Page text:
Each spring, travelers journey across Japan in hopes of catching the fleeting peak of cherry blossom season. While most foreigners head to Tokyo or Kyoto, one of the most popular sites for hanami (cherry blossom viewing) for Japanese connoisseurs is Hirosaki Castle, in remote Aomori prefecture.
It’s no small trek for most of the 2-million-plus aficionados who attend the two-week Hirosaki Cherry Blossom Festival each year, as the city of Hirosaki is located at the northern tip of Japan’s main island, Honshu, about a 6-hour train trip (including a lengthy stretch on the Tohoku Shinkansen bullet train) from Tokyo. Those who make the voyage, however, will find themselves at the gates of a preserved national historic site that includes a centuries-old castle (commissioned by samurai lord Tamenobu Tsugaru in 1603 and completed in 1611) surrounded by 2,600 cherry trees, which resemble puffy pink clouds when the sakura (cherry blossoms) are in bloom.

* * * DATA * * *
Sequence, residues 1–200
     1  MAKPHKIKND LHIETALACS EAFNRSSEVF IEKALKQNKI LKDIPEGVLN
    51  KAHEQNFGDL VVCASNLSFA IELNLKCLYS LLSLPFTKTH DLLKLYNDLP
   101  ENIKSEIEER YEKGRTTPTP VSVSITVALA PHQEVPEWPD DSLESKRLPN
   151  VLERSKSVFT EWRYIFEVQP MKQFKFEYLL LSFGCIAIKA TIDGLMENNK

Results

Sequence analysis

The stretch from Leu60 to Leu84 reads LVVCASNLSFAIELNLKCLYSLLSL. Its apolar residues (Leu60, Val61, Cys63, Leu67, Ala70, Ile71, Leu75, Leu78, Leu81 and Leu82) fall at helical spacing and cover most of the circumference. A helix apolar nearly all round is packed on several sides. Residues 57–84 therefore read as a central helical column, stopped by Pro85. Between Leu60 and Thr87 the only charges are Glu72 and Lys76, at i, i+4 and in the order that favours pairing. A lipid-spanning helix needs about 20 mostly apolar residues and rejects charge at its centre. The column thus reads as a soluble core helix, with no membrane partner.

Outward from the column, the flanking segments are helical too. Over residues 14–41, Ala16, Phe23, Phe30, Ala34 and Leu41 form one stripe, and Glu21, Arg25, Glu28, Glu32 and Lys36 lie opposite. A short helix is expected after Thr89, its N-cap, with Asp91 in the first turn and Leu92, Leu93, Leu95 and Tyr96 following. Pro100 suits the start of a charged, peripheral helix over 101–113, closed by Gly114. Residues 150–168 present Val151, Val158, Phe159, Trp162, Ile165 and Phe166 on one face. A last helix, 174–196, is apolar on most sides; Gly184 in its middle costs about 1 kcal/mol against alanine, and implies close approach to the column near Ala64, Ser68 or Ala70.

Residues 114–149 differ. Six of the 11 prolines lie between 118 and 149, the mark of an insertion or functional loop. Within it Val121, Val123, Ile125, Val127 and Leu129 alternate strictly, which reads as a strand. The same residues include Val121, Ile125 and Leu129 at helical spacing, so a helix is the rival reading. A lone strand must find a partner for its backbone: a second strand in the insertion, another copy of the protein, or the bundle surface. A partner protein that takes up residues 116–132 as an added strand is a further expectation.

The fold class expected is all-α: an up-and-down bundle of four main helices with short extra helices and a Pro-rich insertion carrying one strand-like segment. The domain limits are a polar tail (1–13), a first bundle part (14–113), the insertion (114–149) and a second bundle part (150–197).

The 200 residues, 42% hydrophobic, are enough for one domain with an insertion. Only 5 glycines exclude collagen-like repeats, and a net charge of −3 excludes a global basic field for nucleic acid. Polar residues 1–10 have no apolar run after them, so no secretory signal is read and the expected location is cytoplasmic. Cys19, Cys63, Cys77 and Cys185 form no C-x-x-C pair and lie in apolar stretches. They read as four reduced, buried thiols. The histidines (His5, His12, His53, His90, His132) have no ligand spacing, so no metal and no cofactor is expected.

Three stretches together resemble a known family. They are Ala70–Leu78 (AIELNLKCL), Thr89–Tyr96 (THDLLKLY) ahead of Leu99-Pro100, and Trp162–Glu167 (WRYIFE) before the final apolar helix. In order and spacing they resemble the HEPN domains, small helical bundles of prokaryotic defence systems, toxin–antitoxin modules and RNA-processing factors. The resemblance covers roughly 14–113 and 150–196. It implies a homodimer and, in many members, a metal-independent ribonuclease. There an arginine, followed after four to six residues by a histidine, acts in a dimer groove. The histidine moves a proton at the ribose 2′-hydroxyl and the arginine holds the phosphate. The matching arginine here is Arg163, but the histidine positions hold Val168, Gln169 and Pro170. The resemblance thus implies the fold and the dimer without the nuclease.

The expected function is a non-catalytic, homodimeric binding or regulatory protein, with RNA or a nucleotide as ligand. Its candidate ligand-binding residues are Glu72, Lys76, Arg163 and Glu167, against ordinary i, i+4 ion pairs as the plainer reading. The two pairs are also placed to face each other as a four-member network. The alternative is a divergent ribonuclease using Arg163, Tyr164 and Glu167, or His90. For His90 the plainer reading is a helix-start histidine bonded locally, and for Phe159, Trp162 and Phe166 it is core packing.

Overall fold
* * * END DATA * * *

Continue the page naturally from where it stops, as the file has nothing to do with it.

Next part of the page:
This year’s festival, which takes place from April 23 to May 5, should be particularly resonant for the people of Aomori. Last year was supposed to mark the celebration’s centennial, but the event was canceled due to the pandemic. In 2021, however, visitors will once again be able to picnic beneath the 52 varieties of cherry tree, ride a boat over a floating carpet of petals in the castle moat, and snap a photo of Sakura Heart, a heart-shaped window in the tree branches that frames the castle. Sakura represent change and renewal to the Japanese, so whether you can be there this year or you’re only planning for the future, this month’s festivities signal a hopeful step forward. en-aomori.com